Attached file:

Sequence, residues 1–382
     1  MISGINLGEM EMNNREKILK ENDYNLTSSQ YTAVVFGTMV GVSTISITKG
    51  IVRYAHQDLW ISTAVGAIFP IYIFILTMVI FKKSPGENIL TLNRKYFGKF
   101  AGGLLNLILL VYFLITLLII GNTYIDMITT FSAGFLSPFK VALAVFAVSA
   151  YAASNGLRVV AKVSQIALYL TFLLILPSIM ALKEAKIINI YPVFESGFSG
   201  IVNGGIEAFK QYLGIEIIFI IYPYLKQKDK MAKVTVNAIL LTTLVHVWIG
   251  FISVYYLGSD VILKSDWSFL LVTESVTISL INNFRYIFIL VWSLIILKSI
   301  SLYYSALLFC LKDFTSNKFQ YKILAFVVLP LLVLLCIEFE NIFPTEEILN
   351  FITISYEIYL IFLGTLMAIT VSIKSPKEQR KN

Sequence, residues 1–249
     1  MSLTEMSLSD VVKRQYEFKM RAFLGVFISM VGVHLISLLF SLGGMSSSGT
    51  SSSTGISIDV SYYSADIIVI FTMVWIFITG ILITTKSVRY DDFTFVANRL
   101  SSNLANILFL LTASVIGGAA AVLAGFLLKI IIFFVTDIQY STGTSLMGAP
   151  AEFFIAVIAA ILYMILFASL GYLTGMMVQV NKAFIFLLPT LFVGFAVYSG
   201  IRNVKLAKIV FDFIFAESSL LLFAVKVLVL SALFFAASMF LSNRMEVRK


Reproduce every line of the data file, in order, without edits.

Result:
Sequence, residues 1–382
     1  MISGINLGEM EMNNREKILK ENDYNLTSSQ YTAVVFGTMV GVSTISITKG
    51  IVRYAHQDLW ISTAVGAIFP IYIFILTMVI FKKSPGENIL TLNRKYFGKF
   101  AGGLLNLILL VYFLITLLII GNTYIDMITT FSAGFLSPFK VALAVFAVSA
   151  YAASNGLRVV AKVSQIALYL TFLLILPSIM ALKEAKIINI YPVFESGFSG
   201  IVNGGIEAFK QYLGIEIIFI IYPYLKQKDK MAKVTVNAIL LTTLVHVWIG
   251  FISVYYLGSD VILKSDWSFL LVTESVTISL INNFRYIFIL VWSLIILKSI
   301  SLYYSALLFC LKDFTSNKFQ YKILAFVVLP LLVLLCIEFE NIFPTEEILN
   351  FITISYEIYL IFLGTLMAIT VSIKSPKEQR KN

Sequence, residues 1–249
     1  MSLTEMSLSD VVKRQYEFKM RAFLGVFISM VGVHLISLLF SLGGMSSSGT
    51  SSSTGISIDV SYYSADIIVI FTMVWIFITG ILITTKSVRY DDFTFVANRL
   101  SSNLANILFL LTASVIGGAA AVLAGFLLKI IIFFVTDIQY STGTSLMGAP
   151  AEFFIAVIAA ILYMILFASL GYLTGMMVQV NKAFIFLLPT LFVGFAVYSG
   201  IRNVKLAKIV FDFIFAESSL LLFAVKVLVL SALFFAASMF LSNRMEVRK